Since I will be on vacation when I would ordinarily send this out, I am rerunning the comments from 2007. Different humor, though.
The most familiar section of this week’s portion is Ch. 11:13-21, the second part of the Shema, which neatly encapsulates the messages of reward for obedience, punishment for waywardness, and also describes three means to remind yourself on a daily basis what you’re supposed to do: tefillin (v. 18), teaching the laws to your children (v. 19), and the mezuzah (v. 20). This sound like very modern pedagogical theory, involving many approaches to accommodate different learning styles: tactile, aural, and visual in addition to abstraction.
Other themes this week to consider:
1. This is a really great, fertile land (8:8), “a land of wheat and barley, of (grape) vines, figs, and pomegranates, a land of olive trees and honey;” heck, you can even mine iron and copper. If you (the Israelites) follow the Lord’s commandments, you will prosper. If you don’t, you won’t. (Nothing new there.) And when you prosper, remember that you haven’t done it alone; you are not “self-made” (wo)men but owe a whole lot to the Lord.
2. The Lord chose Israel because of the Lord’s love for their ancestors (10:15). The Israelites, on the other hand, have shown many times that they can be a real pain in the neck. Moses was able to intercede for them many times, most notably after the Golden Calf incident, but he won’t be there to help them much longer.
3. The Lord is giving the land of Canaan to the Israelites so they can remove the current wicked inhabitants, not because the Israelites themselves are righteous.
4. And actually, when it comes down to it, the key requirements are love, kindness, and sensitivity, and wholehearted devotion to the Lord: (Ch. 10)
12 And now, O Israel, what does the Lord your God demand of you? Only this: to revere the Lord your God, to walk only in His paths, to love Him, and to serve the Lord your God with all your heart and soul, …16 Cut away, therefore, the thickening about your hearts* and stiffen your necks no more. .. 19 You too must befriend the stranger, for you were strangers in the land of Egypt.
*A more literal translation of the phrase in 10:16 is “Circumcise your heart” which gives a more powerful image of heightening sensitivity.
As always, lots to think about.
submitted by: David Minkoff
Ben is in a hospital ward with two non-Jewish patients. On his first morning, Ben puts on his tefillin, like he does every morning. But the non-Jews can’t figure out what he is doing. Finally, one says to the other, “Look how smart those Jews are! He’s taking his own blood pressure.
CONDO SEEKS MEZUZOT BAN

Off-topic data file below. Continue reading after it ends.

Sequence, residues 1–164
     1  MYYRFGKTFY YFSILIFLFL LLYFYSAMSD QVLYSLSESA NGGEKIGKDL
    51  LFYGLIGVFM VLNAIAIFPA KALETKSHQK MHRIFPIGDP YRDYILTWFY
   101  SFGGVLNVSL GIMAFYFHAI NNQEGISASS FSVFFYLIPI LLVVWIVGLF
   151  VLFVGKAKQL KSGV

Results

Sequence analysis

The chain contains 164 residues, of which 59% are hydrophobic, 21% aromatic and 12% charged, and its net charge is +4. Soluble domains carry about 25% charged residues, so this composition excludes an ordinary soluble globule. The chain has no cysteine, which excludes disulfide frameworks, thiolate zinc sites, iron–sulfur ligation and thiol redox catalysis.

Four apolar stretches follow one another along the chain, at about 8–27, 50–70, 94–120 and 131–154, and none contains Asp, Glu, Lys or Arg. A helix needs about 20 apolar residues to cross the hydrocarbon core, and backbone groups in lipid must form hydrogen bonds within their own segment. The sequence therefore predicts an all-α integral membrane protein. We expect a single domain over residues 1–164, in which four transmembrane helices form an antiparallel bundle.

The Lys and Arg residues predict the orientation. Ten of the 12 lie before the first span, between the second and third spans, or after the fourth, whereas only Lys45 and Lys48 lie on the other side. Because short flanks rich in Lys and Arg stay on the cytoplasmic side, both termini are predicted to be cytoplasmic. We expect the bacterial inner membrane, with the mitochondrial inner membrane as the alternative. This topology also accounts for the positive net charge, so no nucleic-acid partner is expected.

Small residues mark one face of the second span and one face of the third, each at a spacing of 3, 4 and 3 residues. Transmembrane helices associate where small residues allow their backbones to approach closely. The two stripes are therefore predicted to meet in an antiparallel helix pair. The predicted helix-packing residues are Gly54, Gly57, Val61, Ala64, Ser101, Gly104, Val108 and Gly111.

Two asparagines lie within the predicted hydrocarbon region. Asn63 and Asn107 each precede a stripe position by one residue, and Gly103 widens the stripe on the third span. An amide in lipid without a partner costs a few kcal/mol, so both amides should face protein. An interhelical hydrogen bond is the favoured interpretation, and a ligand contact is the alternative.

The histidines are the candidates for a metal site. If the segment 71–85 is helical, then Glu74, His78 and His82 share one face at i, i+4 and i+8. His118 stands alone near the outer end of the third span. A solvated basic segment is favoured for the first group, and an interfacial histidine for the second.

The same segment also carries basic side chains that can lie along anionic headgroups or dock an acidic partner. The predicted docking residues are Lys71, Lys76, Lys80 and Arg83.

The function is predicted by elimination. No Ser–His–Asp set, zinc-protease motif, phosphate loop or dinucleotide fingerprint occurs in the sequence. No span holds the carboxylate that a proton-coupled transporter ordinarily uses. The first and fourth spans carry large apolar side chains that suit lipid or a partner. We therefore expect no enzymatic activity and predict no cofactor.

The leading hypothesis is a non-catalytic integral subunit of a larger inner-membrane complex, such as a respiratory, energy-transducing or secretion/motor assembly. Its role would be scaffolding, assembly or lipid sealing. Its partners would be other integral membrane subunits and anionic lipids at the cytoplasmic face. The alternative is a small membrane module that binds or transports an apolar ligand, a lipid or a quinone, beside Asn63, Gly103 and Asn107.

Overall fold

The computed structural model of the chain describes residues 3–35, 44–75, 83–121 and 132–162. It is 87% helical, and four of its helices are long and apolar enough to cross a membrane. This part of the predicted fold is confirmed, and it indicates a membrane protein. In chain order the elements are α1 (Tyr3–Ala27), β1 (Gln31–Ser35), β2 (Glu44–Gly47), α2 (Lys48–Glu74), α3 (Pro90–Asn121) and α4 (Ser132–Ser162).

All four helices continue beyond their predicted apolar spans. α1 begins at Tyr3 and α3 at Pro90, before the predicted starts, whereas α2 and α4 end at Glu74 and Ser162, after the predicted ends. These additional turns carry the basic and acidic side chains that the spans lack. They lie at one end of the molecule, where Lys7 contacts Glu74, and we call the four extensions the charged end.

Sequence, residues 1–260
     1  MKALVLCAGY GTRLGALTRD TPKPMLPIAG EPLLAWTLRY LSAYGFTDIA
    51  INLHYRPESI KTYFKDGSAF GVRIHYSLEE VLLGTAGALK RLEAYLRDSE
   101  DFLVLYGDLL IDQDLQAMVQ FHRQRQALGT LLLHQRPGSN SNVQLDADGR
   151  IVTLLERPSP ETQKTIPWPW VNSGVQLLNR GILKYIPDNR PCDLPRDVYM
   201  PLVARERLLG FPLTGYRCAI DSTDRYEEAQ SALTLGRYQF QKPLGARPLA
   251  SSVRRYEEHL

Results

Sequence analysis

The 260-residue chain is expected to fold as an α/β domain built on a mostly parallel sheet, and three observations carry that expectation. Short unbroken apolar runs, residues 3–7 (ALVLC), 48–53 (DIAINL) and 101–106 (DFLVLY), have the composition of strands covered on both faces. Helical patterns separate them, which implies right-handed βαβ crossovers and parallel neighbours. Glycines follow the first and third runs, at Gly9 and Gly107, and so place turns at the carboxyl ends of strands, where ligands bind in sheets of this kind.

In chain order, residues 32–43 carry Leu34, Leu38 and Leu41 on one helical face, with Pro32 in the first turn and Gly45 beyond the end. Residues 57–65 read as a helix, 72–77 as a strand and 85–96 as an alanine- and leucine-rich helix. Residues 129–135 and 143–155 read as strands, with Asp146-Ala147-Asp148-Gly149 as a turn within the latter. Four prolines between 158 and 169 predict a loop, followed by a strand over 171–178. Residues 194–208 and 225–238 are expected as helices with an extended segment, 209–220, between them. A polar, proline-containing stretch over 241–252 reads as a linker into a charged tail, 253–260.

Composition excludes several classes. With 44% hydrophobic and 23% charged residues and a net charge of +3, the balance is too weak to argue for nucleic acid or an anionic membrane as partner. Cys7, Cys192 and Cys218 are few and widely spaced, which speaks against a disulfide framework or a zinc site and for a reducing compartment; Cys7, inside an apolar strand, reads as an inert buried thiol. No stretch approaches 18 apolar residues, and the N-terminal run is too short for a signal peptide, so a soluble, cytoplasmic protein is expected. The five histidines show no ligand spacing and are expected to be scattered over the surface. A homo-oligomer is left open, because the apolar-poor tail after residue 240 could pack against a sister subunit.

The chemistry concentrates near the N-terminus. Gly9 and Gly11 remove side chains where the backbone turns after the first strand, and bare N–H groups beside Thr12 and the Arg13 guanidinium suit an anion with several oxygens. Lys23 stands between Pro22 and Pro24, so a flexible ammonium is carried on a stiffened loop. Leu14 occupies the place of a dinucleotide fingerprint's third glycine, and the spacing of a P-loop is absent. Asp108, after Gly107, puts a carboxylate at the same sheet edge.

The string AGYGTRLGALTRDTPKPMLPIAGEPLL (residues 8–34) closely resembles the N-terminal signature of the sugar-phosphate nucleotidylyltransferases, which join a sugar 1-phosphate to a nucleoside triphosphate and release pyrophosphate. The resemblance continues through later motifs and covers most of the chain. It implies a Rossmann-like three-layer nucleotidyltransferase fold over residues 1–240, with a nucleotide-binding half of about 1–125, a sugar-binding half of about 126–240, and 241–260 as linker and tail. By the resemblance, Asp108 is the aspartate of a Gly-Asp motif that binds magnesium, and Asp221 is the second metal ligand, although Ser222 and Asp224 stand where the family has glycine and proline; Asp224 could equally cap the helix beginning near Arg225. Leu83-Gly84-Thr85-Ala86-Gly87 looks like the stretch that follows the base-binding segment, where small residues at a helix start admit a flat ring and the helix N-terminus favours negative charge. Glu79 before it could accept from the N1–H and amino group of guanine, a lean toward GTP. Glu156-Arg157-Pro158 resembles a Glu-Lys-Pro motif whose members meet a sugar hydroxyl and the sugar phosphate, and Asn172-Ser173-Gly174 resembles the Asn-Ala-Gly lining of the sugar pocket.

By Paul Lungen, Staff Reporter –(excerpts)
January 27, 2011
TORONTO — For 2-1/2 years, Jessica Weiser has had a mezuzah affixed to the door frame of her Scollard Street condominium, but a couple of weeks ago, she was told by the building’s property manager to remove it. Weiser was surprised at the request, which she believes violates her freedom of religion. She declined to remove the religious artifact and contacted B’nai Brith Canada for advice.
She received a call from Caber Management Services asking her “to remove the object,” she said. She was told that according to the Condominium Act, residents are not permitted to make any changes to the building’s common areas.
In July 2008, a U.S. court of appeal in Chicago ruled 2-1 against the right of Jews to place mezuzot on condominium doorposts. “The hallway rule,” which prohibits signs and objects on outside doors, “is neutral with respect to religion,” the court stated. “We cannot create an accommodation requirement for religion.”
The dissenting judge, however, said applying such a rule to mezuzot would in effect amount to evicting observant Jews. “The [condominium] association might as well hand a sign outside saying, ‘No observant Jews allowed,’” she stated.
According to Toronto-area lawyer Bradley Chaplick, there have been no reported cases in Ontario over placement of mezuzot in condominiums.
Minor Mining Jokes
Q: What are the three rules of finding gold?
A: Mine, mine, mine.
Q: Why did the miner take a balloon ride in a thunderstorm?
A: He heard that every cloud has a silver lining.
Q: Why did the miner stay in California instead of moving north?
A: Because he didn’t like the sound of a place called “Ore-gone”
The Self-Made Man
From: jmbay@leland.Stanford.EDU (Joseph Michael Bay) [This is a rerun, but it’s one of my favorites. IGP]
(M)y father was a self-made man in the truest sense of the word. He enucleated an egg cell from a donor, micro-injected a nucleus from one of his own pluripotent stem cells, and implanted it in a pseudopregnant female goat. After gestation, he delivered himself and educated himself. Of course his fortune was largely willed to him by himself, but he had made that before, so it was okay. And to this day, he prides himself on his integrity, his compassion, and his ability to eat tin cans.
Quotes on Consequences
It is only too easy to make suggestions and later try to escape the consequences of what we say. Jawaharlal Nehru
Every person has free choice. Free to obey or disobey the Natural Laws. Your choice determines the consequences. Nobody ever did, or ever will, escape the consequences of his choices. Alfred A. Montapert
The Holocaust illustrates the consequences of prejudice, racism and stereotyping on a society. It forces us to examine the responsibilities of citizenship and confront the powerful ramifications of indifference and inaction. Tim Holden